A report produced by finance website Wallethub has assessed Hawaii’s response and preparedness for the COVID-19 virus as 45th among the 50 states and Washington, D.C., using 35 data points that include health care spending, health insurance coverage and how many people have chronic health issues — areas where Hawaii scored well. But Hawaii lost points because of its dependence on the tourism industry, scoring at the bottom alongside Nevada.
The report rated states based on which are the most aggressive against the coronavirus. At the top spot is Rhode Island, followed by Connecticut, Maryland, New York and Washington. The bottom five include Oklahoma, Nevada, Texas, Mississippi and Wyoming.
The report came out Tuesday before Gov. David Ige announced a mandatory 14-day quarantine of residents and visitors arriving after Thursday and mayors on Oahu and Maui announced stay-at-home, work-at-home orders.
Sources included the National Governors Association, U.S. Bureau of Economic Analysis, U.S. Census Bureau and Centers for Disease Control, among others. Data was scored across three dimensions: prevention and containment, with a total score of 60 points; and risk factors and infrastructure and economic impact, with 20 points each.
Prevention and containment ranked data points that included tested cases for COVID-19 and share of confirmed over tested cases, total public health emergency spending per capita, emergency centers and services per capita, activation of the National Guard, epidemiology workforce per capita, paid sick leave, bans on gatherings, closed bars and restaurants, and statewide curfews, among other metrics.
Hawaii was among the five worst for death rates from influenza and pneumonia. The state scored among the top five with the lowest share of at-risk and chronically ill, highest public health care spending per capita and lowest population without health insurance. Other metrics included life expectancy, poverty rate, hospital beds per capita, communication infrastructure and food insecurity.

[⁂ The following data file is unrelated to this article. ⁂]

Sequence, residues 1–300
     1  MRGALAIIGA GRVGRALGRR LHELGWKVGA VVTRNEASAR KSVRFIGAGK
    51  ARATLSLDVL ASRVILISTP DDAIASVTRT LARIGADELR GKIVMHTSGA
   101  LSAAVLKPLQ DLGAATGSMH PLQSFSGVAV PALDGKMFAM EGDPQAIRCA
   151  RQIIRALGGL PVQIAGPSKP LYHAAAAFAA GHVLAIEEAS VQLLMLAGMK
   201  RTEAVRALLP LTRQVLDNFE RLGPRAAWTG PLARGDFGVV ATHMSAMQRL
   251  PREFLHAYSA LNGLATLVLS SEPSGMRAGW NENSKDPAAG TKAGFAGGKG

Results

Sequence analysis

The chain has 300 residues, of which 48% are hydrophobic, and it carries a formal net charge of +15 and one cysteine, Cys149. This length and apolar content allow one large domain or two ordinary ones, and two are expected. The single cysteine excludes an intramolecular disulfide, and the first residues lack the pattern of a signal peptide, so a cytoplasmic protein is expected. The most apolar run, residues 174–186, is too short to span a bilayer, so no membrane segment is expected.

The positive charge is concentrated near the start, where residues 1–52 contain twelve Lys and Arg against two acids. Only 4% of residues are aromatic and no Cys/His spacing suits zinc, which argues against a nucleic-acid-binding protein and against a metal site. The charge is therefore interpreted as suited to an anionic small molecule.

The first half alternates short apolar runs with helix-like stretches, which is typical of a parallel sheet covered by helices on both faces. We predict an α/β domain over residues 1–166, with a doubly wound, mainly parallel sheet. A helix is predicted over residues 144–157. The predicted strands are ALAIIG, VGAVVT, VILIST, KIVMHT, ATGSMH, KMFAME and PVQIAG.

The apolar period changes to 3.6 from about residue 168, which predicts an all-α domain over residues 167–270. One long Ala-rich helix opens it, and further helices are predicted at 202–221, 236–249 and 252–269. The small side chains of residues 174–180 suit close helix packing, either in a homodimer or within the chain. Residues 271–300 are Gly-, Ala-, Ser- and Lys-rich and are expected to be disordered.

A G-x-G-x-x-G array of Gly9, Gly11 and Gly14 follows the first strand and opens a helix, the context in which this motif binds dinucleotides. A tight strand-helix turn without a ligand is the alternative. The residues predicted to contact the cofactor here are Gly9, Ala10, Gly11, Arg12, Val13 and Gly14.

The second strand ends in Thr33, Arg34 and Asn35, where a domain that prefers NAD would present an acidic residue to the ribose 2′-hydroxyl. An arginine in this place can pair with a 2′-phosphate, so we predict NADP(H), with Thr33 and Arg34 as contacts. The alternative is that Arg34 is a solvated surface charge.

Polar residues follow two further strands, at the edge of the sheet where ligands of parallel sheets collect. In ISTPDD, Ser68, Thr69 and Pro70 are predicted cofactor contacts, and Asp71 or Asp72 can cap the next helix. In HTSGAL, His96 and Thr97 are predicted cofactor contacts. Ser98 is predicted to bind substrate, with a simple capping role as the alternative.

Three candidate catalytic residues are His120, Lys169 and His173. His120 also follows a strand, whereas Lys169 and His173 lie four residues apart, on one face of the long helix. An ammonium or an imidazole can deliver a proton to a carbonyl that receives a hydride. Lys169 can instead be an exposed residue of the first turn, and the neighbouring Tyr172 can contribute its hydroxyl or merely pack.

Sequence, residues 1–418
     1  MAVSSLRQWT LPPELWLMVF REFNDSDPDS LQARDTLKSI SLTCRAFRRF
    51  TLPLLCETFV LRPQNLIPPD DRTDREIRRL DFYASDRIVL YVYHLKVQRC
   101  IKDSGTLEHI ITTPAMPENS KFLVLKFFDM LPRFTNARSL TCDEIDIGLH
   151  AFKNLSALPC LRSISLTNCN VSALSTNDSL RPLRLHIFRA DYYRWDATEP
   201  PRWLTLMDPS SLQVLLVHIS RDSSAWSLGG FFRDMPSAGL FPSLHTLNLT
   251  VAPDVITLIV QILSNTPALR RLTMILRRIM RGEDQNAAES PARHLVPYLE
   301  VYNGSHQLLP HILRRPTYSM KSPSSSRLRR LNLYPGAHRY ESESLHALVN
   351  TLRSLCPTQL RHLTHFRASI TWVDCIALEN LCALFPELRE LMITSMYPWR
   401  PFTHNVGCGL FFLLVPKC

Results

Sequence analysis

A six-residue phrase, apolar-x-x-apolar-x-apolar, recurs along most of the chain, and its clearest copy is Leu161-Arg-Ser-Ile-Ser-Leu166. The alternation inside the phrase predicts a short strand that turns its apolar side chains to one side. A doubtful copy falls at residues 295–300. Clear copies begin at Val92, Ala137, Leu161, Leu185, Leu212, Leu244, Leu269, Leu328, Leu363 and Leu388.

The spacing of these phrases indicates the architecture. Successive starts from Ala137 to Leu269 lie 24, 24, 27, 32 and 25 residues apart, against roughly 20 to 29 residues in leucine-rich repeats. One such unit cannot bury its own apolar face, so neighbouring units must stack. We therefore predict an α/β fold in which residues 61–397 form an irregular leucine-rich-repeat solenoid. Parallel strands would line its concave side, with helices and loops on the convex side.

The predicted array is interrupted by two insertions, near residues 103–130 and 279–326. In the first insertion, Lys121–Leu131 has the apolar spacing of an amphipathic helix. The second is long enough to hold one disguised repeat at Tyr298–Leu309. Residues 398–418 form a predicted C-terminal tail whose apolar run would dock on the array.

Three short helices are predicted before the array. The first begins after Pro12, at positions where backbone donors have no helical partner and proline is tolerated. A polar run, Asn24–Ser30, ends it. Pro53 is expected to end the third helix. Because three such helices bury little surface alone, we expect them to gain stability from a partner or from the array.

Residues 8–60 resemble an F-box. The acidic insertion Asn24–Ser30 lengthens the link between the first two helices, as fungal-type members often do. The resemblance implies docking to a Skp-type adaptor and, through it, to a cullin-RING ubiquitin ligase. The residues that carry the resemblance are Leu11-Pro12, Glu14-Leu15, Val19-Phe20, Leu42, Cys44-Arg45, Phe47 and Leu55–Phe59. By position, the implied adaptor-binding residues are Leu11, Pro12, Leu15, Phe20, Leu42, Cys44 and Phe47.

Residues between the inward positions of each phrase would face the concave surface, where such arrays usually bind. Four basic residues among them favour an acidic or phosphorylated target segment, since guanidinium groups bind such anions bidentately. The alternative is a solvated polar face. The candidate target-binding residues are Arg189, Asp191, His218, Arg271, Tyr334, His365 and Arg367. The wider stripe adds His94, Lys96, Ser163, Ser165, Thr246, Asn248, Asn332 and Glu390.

For economic impact, factors included wage and salary workers paid at hourly rates, the ratio of part-time to full-time workers, and states that have enacted budget legislation in response to the virus. However, Hawaii lost points, scoring at the bottom in a tie at 49th with Nevada, for the highest share of GDP coming from accommodation and food services, arts, entertainment and recreation, and public transportation. The state tied Nevada at 50th with the highest share of workforce in those areas.
Wyoming was rated the least aggressive because it has administered relatively few tests and has not closed schools or bars and restaurants, according to WebHub analyst Jill Gonzalez. Rhode Island scored as the most aggressive because it has closed schools, bars and restaurants; restricted travel; and administered the most tests, she said.
“Aggressiveness in combating the coronavirus is not all about recent actions,” said Gonzalez. “For example, Rhode Island has the infrastructure to handle this type of pandemic in large part because of its relatively high funding for public health programs and its high number of health care facilities.”